Nitrogen budget estimated for 908 cow-calf, backgrounding and finishing beef operations across Canada
Sheppard, S.C., Bittman, S., Ominski, K.H. (2018). Nitrogen budget estimated for 908 cow-calf, backgrounding and finishing beef operations across Canada, 110(1), 7-24. http://dx.doi.org/10.1007/s10705-017-9863-9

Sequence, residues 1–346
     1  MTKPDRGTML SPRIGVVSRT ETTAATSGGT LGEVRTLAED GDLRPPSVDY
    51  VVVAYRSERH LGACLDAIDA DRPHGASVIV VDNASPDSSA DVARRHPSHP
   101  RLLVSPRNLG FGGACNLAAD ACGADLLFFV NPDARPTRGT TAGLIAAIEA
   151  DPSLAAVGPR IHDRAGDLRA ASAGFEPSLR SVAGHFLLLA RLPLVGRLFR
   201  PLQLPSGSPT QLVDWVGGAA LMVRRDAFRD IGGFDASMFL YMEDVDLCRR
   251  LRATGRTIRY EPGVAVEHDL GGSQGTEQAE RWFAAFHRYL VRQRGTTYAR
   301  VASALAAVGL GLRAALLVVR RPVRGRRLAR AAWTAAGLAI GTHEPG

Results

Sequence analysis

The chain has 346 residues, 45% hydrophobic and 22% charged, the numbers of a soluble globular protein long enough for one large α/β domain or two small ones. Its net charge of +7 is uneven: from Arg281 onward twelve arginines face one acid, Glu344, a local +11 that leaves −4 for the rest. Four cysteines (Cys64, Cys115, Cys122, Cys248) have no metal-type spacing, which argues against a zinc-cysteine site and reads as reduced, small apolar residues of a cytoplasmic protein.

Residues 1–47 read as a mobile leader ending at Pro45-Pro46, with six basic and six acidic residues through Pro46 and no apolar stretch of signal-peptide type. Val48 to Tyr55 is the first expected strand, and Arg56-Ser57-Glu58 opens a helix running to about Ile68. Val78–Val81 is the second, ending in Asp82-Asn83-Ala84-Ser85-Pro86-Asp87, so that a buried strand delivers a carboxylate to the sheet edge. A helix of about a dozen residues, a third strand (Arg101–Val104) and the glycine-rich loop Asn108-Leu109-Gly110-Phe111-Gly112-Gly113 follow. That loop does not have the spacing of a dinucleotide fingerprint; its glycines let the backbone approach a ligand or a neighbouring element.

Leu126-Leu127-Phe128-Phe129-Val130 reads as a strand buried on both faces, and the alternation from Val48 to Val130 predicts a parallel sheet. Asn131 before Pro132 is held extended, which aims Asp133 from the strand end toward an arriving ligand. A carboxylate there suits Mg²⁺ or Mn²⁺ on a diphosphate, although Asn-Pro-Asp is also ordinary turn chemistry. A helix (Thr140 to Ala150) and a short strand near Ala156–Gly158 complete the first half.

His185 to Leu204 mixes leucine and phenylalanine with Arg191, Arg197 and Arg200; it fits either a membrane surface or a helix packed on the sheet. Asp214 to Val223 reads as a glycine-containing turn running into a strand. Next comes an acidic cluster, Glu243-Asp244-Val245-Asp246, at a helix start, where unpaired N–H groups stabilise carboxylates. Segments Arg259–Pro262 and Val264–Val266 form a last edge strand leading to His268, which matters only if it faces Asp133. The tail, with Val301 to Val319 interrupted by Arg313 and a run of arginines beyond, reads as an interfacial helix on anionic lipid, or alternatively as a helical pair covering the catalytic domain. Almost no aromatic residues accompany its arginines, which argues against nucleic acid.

© 2017, Springer Science+Business Media B.V. Beef production plays a significant role in Canadian agriculture in terms of its contribution to total farm cash receipts and management of large tracts of land. The sustainability of the sector has been challenged on several fronts including greenhouse gas and ammonia emissions. An extensive survey of husbandry and agronomic practices in 2011 provided the unique opportunity to compute a detailed nitrogen (N) budget for 908 beef operations of different types from across Canada. The resulting overall-N and commercial-N budgets and overall commercial and beef nitrogen use efficiency (NUE) estimates varied markedly among the types of beef operations. Surprisingly, forage-based cow-calf operations with little importation of commercial N sources often had the largest overall surplus N (N remaining on farms), largely because of symbiotic N fixation of pasture and forage crops, a larger land-base and lower NH3–N emissions compared to confinement housing. These operations had relatively low NUE estimates of about 0.33. In contrast, solely finisher operations had overall N budgets that were not different from zero and NUE of about 0.66. These operations purchase much of their feed and animal nutrition is carefully managed, so the NUE is distinctly higher than in forage-based systems. However, these operations also have high NH3 emissions. Observed regional differences in budgets were related to differences in deposition of atmospheric N and in legume content of forages.
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